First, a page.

The balance of the other benchmarks has to do with the performance of the Iraqi government and protecting minority rights. They are harder to evaluate. Of course, all the grading is somewhat subjective, but roughly 12 of the 18 benchmarks have been met (and there's been movement on the others), which makes a much less seductive anti-war talking point. As the reality on the benchmarks slowly sinks in, opponents of the war will surely move on to something else -- probably the war's cost.
Needless to say, if a benchmark has been met, it doesn't necessarily mean the underlying law is wise or will be effective. The war's critics argue that, in its fine print, the new de-Baathification law may exclude as many Sunnis from government as the original, offending law. They're right. Which is why it was always foolish to try to judge the progress of a nascent, violence-plagued democracy by a crude checklist.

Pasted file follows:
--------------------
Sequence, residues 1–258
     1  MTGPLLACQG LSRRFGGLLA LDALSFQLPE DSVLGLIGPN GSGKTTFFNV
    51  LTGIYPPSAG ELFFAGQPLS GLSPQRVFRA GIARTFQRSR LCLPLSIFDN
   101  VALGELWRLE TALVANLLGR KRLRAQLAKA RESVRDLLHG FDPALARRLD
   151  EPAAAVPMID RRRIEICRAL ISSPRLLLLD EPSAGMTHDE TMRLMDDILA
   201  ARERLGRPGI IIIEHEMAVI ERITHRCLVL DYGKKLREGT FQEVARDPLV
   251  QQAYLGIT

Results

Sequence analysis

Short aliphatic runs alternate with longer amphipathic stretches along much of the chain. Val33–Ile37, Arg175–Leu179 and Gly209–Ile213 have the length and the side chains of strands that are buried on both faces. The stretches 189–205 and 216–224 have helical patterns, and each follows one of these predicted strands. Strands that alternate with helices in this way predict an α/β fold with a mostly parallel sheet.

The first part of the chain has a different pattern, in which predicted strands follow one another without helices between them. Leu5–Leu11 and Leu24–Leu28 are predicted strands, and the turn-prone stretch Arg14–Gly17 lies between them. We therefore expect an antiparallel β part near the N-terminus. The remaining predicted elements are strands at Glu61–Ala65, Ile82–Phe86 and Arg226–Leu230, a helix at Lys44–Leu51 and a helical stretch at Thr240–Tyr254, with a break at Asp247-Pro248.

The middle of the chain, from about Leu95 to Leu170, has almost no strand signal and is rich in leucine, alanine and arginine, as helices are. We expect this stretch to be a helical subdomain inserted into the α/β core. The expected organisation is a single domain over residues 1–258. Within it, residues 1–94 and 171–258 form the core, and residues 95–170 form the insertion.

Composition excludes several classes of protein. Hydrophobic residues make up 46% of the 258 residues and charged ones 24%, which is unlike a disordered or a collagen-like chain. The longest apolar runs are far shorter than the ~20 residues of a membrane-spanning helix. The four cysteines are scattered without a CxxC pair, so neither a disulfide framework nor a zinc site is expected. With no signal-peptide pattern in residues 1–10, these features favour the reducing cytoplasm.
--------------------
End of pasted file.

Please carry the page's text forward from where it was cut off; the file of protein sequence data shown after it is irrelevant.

Already, there has been a shifting of goal posts. Zakaria warned that some of the new laws passed only "after months of intense wrangling." Horrors! What was so remarkable about the Feb. 13 passage of a package including a budget, provincial powers law and amnesty provision wasn't the intensity of the wrangling but the cross-ethnic and -sectarian logrolling that produced a grand compromise unlocking the stuck wheels of the Iraqi parliament.
Logrolling, alas, is not one of the benchmarks. The last time Gen. David Petraeus came to Washington, he heralded tentative but widely discounted security gains. Now he brings news of tentative but widely discounted political progress. We'll know he's had an impact when the benchmarks fade away from anti-war discourse.